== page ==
Children's Health

State of the World’s Children statistics (South Africa)

Although South Africa does not feature prominently in UNICEF’s State of the World’s Children report, statistics reveal how the country is performing.

Ranks countries in descending order of their estimated 1999 under five mortality rate, a critical indicator of the well-being of children

When measuring the probability of dying between birth and exactly five years of age (per 1000 live births), South Africa was ranked 66 by UNICEF.

The report ranks countries in descending order of their estimated 1999 under five mortality rate, a critical indicator of the well-being of children.

Sierra Leone ranked 1, Angola 2, Mozambique 10 and Zimbabwe 51 while developed countries such as the United States ranked 158, Canada 165 and New Zealand 165. The countries that received the best ranking ‘€“ 187 ‘€“ were Japan, Norway, Singapore, Sweden and Switzerland.

South Africa recorded 1 055 000 births last year and 73 000 under-5 deaths.

Life expectancy at birth in South Africa currently stands at 52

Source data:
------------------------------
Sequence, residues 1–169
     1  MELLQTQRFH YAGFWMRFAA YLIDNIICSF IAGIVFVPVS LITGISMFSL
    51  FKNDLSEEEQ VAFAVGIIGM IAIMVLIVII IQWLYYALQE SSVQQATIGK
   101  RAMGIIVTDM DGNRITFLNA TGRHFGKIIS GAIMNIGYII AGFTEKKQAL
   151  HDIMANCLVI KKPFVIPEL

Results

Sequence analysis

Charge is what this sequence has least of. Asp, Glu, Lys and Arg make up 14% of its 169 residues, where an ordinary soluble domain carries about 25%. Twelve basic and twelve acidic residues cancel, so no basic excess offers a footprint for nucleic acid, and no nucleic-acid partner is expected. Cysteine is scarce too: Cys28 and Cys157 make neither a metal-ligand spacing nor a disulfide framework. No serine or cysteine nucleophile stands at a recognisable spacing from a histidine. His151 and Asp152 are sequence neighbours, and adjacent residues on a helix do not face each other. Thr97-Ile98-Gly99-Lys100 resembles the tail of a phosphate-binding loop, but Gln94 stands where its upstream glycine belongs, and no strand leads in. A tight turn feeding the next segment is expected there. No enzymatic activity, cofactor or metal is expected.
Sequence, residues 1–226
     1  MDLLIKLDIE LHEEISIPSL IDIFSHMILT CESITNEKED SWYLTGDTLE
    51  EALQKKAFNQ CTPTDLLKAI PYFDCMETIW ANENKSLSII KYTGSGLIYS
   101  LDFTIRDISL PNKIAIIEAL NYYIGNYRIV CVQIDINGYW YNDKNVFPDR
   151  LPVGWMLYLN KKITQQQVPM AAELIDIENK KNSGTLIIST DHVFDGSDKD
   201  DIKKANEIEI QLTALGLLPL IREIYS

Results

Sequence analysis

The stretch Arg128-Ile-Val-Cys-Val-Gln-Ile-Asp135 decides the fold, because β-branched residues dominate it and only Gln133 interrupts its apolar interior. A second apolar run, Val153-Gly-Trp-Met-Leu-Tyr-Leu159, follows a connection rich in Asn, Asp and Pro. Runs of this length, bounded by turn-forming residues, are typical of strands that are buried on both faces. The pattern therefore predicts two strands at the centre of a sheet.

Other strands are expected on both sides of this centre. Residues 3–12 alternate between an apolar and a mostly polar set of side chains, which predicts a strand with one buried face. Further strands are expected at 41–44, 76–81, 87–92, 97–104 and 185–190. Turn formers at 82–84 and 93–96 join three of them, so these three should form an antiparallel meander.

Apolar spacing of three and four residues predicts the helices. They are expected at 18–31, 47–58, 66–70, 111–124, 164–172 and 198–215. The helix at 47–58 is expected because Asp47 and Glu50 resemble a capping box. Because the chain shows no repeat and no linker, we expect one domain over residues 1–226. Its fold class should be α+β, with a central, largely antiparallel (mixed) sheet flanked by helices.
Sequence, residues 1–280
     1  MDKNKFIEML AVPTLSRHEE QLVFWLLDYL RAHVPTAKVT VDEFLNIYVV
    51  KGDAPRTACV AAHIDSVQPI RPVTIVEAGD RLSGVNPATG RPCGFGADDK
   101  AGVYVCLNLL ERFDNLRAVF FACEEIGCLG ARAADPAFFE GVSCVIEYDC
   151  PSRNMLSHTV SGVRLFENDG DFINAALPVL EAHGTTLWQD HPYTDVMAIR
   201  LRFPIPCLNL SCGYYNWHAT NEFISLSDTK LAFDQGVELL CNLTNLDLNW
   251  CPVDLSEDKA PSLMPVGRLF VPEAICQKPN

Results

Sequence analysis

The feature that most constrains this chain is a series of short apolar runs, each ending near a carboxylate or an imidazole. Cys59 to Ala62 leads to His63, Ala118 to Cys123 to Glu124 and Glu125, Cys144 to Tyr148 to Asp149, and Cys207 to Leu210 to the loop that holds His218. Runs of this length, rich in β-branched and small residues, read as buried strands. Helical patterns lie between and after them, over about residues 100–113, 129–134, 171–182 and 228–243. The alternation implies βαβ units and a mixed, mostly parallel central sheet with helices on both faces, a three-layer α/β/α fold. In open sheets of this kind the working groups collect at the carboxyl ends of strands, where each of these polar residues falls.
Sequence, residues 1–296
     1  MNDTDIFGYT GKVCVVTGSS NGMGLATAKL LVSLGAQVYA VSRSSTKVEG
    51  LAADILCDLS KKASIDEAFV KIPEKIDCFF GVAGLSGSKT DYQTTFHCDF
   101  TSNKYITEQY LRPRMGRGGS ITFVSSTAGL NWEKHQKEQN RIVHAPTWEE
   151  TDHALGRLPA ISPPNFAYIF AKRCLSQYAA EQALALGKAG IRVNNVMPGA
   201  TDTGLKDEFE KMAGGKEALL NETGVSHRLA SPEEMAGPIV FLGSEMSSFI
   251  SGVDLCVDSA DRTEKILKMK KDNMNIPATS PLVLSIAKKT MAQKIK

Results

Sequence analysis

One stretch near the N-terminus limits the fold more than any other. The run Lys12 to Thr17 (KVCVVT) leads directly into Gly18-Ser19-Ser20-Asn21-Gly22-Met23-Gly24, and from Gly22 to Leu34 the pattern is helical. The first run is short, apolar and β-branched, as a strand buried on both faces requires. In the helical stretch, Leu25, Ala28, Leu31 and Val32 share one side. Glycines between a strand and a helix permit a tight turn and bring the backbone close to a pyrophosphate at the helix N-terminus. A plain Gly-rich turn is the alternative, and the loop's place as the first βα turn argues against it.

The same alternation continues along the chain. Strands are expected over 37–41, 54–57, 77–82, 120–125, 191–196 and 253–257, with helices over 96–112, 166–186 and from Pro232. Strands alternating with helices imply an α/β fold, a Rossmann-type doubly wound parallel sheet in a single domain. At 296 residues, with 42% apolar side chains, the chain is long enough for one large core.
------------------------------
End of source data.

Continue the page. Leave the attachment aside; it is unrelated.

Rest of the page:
10% of children are exclusively breastfed

9% of children are suffering from moderate or severe underweight

23% are stunted

86% of the population has been using improved drinking water sources in 1999

92% were urban and 80% rural

86% of population has been using adequate sanitation facilities

99% is urban and 73% rural

100% of the routine Expanded Programme on Immunisation was financed by the Government between 1997 and 1999.

The immunisations in this programme include those against TB, DPT, polio and measles, as well as protecting babies against neonatal tetanus by vaccination of pregnant women.

97% vaccinated against TB

76% vaccinated against diptheria, pertussis (whooping cough) and tetanus

72% vaccinated against polio

82% vaccinated against measles

26% of pregnant women received tetanus vaccinations

58% – the percentage of all cases of diarrhoea in children under five years of age treated with oral rehydration salts and/or recommended home fluids.

Adult literacy rate (percentage of people aged 15 and over who can read and write):

67% males and 66% females

355 radio sets per 1000 population and 134 television sets per 1000 population.

About the author

Anso Thom